Pope Alexander VII, in his Bull of 19 April, 1666, named Common Observance to the one formed by the abbeys which did not respond to these reformation appeals, distinguishing it from the Strict Observance, from which in reality it differed only in the use of meat and similar articles of food three times a week.  This practice is certainly contrary to the rule of perpetual abstinence of the early days.

The Congregation of the Strict Observance developed rapidly. In a very short time it consisted of fifty-eight monasteries. Etienne Maugier, who succeeded Denis Largentier after his death in 1626, inspired it afresh. From that time it aimed at a certain superiority to which it believed to have some claims, and was determined, in case of meeting with any opposition, to withdraw from the jurisdiction of the General of Cîteaux.

Hence quarrels and litigations arose which lasted forty years or more.

Finally, on 26th January 1662, the Pope Alexander VII in a decisive manner invited the parties to appear at the Court of Rome. And on the 19th of April, 1666 the Bull “In Suprema” was promulgated.  This put an end to the divisions. The Strict Observance remained under the jurisdiction of the Abbot of Cîteaux.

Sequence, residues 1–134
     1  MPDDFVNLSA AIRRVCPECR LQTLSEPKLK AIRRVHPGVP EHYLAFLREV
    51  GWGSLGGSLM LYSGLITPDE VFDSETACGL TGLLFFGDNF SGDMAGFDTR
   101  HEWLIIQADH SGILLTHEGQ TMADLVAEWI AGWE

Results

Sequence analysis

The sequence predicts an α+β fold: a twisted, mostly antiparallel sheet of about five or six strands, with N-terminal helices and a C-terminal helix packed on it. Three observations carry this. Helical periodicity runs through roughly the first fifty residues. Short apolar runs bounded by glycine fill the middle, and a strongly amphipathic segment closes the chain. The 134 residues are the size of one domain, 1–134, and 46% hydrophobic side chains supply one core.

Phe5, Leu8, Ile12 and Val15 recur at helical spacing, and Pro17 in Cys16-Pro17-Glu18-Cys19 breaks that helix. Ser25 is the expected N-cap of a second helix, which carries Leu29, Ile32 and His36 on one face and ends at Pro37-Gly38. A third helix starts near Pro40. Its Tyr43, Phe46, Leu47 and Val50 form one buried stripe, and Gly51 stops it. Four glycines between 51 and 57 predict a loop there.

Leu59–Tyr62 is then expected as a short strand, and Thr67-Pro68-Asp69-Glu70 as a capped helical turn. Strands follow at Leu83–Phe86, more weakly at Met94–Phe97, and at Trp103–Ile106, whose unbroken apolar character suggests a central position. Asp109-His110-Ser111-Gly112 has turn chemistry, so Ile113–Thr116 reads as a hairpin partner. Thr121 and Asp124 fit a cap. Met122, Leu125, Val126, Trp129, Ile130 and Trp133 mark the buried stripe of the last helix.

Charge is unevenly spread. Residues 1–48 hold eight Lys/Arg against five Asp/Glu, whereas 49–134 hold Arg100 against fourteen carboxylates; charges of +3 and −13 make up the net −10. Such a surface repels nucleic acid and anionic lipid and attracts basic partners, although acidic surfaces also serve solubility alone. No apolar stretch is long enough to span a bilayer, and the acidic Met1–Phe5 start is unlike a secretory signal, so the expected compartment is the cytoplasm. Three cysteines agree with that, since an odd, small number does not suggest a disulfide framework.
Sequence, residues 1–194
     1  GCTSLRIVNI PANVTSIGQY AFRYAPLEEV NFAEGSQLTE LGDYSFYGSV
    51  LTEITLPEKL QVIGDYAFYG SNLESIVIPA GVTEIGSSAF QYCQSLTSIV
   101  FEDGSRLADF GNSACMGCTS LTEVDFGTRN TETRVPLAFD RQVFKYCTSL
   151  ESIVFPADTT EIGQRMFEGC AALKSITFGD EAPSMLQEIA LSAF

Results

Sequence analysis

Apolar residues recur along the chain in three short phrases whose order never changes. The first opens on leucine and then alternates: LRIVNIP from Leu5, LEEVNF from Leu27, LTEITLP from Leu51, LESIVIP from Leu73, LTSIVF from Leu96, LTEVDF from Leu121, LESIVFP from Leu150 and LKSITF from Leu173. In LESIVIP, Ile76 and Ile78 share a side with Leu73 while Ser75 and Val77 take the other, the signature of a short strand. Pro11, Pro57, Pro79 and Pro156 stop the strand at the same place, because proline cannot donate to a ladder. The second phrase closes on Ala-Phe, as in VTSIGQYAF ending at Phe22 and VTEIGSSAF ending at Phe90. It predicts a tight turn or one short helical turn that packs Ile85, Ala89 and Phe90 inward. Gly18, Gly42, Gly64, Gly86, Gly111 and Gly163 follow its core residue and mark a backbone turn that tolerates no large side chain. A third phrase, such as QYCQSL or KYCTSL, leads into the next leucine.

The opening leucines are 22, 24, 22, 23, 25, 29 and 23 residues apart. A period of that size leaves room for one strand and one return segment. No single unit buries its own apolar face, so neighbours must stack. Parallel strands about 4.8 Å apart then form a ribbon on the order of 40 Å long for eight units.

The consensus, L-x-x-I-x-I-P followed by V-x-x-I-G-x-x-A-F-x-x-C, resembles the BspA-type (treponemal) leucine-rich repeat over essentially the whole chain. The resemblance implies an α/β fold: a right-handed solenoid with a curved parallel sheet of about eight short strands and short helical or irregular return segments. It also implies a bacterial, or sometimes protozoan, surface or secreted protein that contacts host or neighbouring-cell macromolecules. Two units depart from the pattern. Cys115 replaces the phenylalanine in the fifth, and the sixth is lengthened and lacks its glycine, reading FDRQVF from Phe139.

The French Revolution

The French Revolution

Despite protests from the opponents, and in particular of Abbot de Rancé, this constitution was accepted by the general chapter of 1667, which was held at Cîteaux; and the new reform was put into force in all the monasteries of France, where the number of monks was sufficient.

The political and religious disturbances which took place on the eve of the French Revolution, and by the beginning of the nineteenth century this venerable order was almost ruined. When the National Convention, by the decree of 13 February, 1790 – Civil Constitution of the Clergy -, secularized all the religious houses of France, the Order of Cîteaux had 228 monasteries with 1,875 religious in France.

From France the hatred of religion passed into Belgium, Switzerland, Italy, and other countries, and there the work of destruction continued. By an imperial veto of the 25th of February, 1803, and a decree of the Prussian Government of the 28th of April, 1810, all the monasteries of Germany were destroyed. The abbeys of Portugal were abolished by a law of the 26th of May, 1834. The monasteries in Spain were abolished by the laws of the 25th of July and 11th of October, 1835. Those in Poland disappeared by the decrees of the Russian and Prussian rulers.

Continue to ‘The Restoration (after 1790)